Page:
Friday, August 27, 2010

Time for a review

It's the end of summer now and fall term has begun quietly. Now is a good time to kick back and tell you some of my impressions of the things we have done this summer.

Math-u-See: I still love it. I still believe he pirated it from Mortenson Math, but he has much better workbooks. I highly recommend getting the VHS version because you will spend much less money. Obviously the VHS version has been discontinued and turned into a more profitable venture by breaking each main category into its own level and has probably been changed somewhat, but the old way works very well. Math-u-see has a website with lots of review material right there--very nice, but I haven't used it much. If you can get your hands on it, the workbook with extra practice sheets is a nice addition. You won't always use it though. (At least I haven't.) If you don't have manipulatives, Math-u-see sells a small set inexpensively. If you have Saxon Math manipulatives, sell them. Mortenson Math manipulatives work very well. Another reason I believe he pirated it.

Monday, August 2, 2010

Education made easy and even pleasurable!

One thing I learned last year was that the day after co-op is a total waste educationally. I wake up late and drained, often with a mutinous headache. Or is it me that is mutinous?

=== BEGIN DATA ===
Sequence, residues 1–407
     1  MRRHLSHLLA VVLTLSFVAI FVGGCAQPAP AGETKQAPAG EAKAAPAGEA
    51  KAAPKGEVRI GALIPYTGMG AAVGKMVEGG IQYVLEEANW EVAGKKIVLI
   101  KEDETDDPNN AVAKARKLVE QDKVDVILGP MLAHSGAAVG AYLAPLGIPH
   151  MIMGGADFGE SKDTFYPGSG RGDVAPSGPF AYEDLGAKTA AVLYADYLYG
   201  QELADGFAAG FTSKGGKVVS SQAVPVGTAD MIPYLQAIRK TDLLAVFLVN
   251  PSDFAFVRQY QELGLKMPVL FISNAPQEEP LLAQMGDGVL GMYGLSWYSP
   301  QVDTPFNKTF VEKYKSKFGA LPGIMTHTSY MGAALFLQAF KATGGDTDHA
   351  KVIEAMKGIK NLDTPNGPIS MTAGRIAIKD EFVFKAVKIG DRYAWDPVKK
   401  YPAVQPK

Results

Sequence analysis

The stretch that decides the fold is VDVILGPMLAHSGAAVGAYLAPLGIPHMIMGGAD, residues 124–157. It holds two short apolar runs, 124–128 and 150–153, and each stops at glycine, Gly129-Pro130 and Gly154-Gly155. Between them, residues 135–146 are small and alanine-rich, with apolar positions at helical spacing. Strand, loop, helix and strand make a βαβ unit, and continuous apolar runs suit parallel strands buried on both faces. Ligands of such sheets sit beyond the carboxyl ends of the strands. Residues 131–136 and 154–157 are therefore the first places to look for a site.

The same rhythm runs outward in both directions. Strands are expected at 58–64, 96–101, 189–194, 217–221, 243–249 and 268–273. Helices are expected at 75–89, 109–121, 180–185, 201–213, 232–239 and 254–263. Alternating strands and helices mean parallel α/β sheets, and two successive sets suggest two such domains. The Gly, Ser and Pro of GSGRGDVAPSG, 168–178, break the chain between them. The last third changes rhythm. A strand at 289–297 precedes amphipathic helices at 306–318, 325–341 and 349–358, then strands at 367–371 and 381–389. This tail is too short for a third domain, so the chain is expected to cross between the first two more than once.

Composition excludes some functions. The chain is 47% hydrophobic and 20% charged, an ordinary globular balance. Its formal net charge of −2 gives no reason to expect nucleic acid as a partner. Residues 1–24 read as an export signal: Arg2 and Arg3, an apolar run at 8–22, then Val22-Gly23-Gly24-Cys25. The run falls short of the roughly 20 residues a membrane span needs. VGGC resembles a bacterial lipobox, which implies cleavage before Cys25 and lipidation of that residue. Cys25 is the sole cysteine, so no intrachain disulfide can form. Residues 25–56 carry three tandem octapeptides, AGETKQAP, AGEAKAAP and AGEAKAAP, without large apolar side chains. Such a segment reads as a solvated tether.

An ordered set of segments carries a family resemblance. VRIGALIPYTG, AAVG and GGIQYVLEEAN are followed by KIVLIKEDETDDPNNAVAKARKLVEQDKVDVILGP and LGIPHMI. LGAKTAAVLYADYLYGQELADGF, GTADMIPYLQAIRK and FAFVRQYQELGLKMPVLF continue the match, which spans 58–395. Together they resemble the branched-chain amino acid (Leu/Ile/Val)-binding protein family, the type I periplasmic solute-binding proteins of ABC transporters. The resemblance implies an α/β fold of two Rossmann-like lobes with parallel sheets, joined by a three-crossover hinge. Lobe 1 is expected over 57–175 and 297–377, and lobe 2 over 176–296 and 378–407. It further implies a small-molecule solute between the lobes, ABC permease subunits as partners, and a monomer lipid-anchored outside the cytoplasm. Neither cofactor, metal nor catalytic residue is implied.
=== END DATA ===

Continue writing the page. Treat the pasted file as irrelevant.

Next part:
Every year, I get this marvelous catalog showcasing some fabulous video high school courses, and this year I caved into desire. I bought. Not only that, but I'm passing the word onto anyone who might stumble across this blog. The web address is The caps really don't matter; they'll convert to lowercase. Everything is 70% off until August 30.

Whether you homeschool or not, this is a big deal! Instead of planting your kids (or yourself) in front of the latest episode of whatever, flip this on. Many of the courses come in both audio and DVD so whatever learning style matches yours the best......

For us, among the myriad of courses I could have chosen, I chose World History and Early American history by Professor Linwood Thompson, from the Bellflower High School in Los Angeles, California. He is both historian and dramatist. That's how he presents the history--by introducing the watcher to people from those times, both actual and fictional people. He throws his own name into the fictional person's name so you can keep them separate from the real ones.